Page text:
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Self-concept Disturbance : Low Self-esteem (Cause and Effect Mechanism)

Nursing Diagnosis Self-concept Disturbance : Low Self-esteem
Self-concept Disturbance : Low Self-esteem


Low self-esteem is a negative behavior towards self and abilities, expressed directly or indirectly. (Scultz and Videback, 1998).


Negative self-concept system

Signs and symptoms

There are 10 individual way of expressing direct low self esteem (Stuart and Sundeen, 1995)
  • Mocking and self-criticism.
  • Lowering or reduce the dignity of oneself.
  • The guilt or worry.
  • Physical manifestations: high blood pressure, psychosomatic, and substance abuse.
  • Delay and hesitation in taking decisions.
  • Disorders related, withdraw from social life.
  • Withdraw from reality.
  • Destructive self.
  • Damage or harm another person.
  • The hatred and rejection of self.

Cause and Effect Mechanism


1. Disturbed Body Image.

Body image disturbance is a change in the perception of the body caused by changes in the size, shape, structure, functions, limitations and meaning of objects in frequent contact with the body, usually the client can not accept his condition, feeling less than perfect then there will be low self esteem.

Signs and symptoms
  • Refuse to see, touch the body parts were changed.
  • Rejecting explanations body changes.
  • Negative perception of the body changes.
  • Reveals despair.
  • Reveals fear.

2. Ideal Self unrealistic

Definition: Ideal themselves are difficult to reach too high and unrealistic, ideal self murky and unclear, tend to be demanding. Failures experienced and fantasy that is too high can not be achieved frustrating and the resulting low self esteem.

Signs and symptoms
  • Feel themselves worthless.
  • Feelings of inadequacy.
  • Guilty feeling.
  • Perceived role strain.
  • Pessimistic view of life.
  • The rejection of the personal ability or inability to obtain a positive appreciation.


Social isolation: withdrawal

Definition: Withdraw an attempt to avoid interaction with others, avoid contact with other people. In addition to dance themselves an act of escape both the attention and interest of the immediate social environment (self-isolation) (Stuart and Sundeen, 1995).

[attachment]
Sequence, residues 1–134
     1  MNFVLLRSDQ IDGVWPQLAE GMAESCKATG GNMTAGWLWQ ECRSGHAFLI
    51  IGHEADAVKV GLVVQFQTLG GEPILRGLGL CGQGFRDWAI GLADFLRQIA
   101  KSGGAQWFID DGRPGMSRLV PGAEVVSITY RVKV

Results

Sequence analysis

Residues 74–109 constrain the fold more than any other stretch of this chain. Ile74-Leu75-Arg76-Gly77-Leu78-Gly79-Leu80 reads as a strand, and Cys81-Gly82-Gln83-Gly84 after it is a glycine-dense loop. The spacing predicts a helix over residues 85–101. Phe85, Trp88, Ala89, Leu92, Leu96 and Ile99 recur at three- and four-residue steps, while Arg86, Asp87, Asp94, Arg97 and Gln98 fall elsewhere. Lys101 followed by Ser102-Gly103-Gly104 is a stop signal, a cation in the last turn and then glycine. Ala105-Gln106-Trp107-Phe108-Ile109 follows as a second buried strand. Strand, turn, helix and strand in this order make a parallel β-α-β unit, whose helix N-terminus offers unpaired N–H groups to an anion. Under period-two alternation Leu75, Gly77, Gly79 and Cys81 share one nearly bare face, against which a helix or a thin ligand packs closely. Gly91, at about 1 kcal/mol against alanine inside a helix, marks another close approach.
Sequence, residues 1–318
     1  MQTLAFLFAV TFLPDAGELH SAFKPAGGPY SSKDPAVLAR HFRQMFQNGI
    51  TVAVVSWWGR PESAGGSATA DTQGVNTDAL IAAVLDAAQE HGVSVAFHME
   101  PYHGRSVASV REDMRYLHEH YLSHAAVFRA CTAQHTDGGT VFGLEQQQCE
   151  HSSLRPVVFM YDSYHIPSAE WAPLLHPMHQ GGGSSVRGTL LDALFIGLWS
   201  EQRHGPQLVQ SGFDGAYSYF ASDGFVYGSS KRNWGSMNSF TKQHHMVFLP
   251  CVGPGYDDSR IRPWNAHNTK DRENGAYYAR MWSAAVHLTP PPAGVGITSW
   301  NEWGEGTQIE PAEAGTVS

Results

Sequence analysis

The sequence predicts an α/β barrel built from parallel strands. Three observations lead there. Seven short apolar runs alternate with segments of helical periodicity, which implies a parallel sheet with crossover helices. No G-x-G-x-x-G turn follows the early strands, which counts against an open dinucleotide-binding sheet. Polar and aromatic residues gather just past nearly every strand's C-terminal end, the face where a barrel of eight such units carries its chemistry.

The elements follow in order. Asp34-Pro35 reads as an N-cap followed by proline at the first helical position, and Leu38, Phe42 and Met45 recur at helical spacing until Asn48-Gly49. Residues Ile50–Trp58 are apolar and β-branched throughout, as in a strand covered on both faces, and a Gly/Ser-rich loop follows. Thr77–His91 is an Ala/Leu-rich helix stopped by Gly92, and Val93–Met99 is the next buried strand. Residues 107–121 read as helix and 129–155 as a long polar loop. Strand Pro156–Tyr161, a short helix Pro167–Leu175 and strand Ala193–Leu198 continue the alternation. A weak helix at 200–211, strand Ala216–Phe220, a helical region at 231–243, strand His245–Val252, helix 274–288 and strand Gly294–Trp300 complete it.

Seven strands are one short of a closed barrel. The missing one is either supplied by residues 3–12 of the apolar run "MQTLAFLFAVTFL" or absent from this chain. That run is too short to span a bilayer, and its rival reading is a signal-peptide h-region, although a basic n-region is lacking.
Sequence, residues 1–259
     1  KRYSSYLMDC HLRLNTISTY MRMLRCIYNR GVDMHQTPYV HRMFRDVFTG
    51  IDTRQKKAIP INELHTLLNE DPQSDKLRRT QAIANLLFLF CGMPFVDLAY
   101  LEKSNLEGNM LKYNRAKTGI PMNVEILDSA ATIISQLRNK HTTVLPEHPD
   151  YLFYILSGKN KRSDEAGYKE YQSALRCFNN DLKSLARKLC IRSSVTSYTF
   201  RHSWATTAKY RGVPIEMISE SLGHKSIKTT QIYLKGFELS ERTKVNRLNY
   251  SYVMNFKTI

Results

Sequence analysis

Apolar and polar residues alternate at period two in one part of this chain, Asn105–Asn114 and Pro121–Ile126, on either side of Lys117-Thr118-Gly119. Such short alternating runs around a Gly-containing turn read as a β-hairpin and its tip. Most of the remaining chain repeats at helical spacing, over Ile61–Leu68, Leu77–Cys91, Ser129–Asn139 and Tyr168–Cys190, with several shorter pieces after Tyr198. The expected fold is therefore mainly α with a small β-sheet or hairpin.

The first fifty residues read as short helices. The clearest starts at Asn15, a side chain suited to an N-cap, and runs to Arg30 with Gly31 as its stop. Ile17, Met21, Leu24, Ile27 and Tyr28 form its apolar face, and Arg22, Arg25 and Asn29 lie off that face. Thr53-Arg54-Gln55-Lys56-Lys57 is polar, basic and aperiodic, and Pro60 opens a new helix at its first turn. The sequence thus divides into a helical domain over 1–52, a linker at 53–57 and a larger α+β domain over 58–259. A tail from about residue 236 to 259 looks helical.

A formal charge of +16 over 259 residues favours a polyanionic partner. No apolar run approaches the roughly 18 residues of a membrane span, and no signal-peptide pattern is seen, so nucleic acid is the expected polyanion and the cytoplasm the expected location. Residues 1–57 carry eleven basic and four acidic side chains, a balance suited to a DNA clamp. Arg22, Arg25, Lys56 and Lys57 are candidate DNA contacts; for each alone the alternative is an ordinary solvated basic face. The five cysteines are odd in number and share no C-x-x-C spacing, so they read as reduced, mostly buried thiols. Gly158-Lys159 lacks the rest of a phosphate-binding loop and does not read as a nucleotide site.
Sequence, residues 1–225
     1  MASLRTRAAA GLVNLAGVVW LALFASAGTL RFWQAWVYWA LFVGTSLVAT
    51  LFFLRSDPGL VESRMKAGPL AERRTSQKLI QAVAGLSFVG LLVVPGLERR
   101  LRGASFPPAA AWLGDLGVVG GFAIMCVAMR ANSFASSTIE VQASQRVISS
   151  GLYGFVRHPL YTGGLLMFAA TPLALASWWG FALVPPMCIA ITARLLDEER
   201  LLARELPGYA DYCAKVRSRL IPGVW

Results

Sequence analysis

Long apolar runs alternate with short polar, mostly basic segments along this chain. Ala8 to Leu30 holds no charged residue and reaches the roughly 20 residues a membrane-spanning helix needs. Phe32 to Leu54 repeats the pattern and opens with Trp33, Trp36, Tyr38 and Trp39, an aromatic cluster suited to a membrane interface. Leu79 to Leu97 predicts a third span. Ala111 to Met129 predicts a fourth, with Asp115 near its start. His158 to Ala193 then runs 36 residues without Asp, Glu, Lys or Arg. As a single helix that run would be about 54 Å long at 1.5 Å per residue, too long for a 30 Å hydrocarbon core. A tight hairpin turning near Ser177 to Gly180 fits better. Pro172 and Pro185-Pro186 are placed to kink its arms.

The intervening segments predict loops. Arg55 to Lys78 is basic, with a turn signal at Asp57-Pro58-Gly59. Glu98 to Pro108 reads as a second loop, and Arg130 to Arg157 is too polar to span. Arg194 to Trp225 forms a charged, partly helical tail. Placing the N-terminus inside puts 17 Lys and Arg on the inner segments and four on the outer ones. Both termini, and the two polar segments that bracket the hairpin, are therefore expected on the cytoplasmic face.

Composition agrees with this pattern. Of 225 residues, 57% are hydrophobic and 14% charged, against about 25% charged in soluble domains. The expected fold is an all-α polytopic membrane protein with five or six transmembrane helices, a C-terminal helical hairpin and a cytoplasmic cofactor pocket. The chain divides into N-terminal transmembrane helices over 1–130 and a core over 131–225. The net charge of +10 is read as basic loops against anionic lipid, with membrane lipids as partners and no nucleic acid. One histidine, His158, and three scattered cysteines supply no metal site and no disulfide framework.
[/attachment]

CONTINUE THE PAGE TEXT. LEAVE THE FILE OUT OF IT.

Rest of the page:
Signs and symptoms
  • Apathy.
  • Sad facial expression.
  • Afek blunt.
  • Shy away from others.
  • Clients seem to separate themselves with others.
  • Less communication.
  • Less eye contact.
  • Silence.
  • Less mobility.
  • Disruption of sleep patterns (excessive sleep / lack of sleep).
  • Taking sleeping fetal position.
  • Physical health setbacks.
  • Less attention to self-care.

Acute Pain - NCP for Eczema (Dermatitis)

Nursing Care Plan for Eczema (Dermatitis)
Nursing Care Plan for Eczema (Dermatitis)

Dermatitis is an inflammation of the skin, sometimes caused by allergies. Dermatitis is also called eczema.

Types of Dermatitis

Seborrheic Dermatitis : A condition that occurs is red, scaly, itchy rash that occurs in areas of the face (especially the case on the nose and eyebrows), occurs also in the area of the scalp, chest and back. This often occurs when a person in a state of stress, and the possible excessive growth of yeast on the skin. Corticosteroid drugs and drugs that kill microorganisms can overcome this disease.

Contact Dermatitis : Contact dermatitis occurs due to the occurrence of a chemical reaction in contact with skin. Common causes are detergents, nickel, certain plants, and cosmetics. Topical corticosteroid medications which can be a solution for this disease.

Photodermatitis : Photodermatitis occur in people who have abnormalities of the skin sensitive to light. A set point may occur at certain parts of the skin exposed to sunlight.

Nursing Care Plan for Eczema (Dermatitis)

Nursing Diagnosis : Acute Pain related to skin lesions

Goal: Pain is reduced / no pain.

Expected outcomes:
  • Appeasement reached taste disturbances.
  • Expressed with words that itching has subsided.
  • Show no symptoms of the skin excoriations due to scratching.
  • Comply with the prescribed therapy.
  • Keep adequacy skin hydration and lubrication ..
  • Shows the intact skin; skin showed, advances in healthy appearance.

Interventions :


1. Check the area involved.
R /: An understanding of the extent and characteristics of the skin include assistance in preparing an intervention plan.

2. Efforts to find the cause of the disorder sense of comfort.
R /: Helps identify the appropriate actions to provide comfort.

3. Record the results of observations in detail by using descriptive terminology.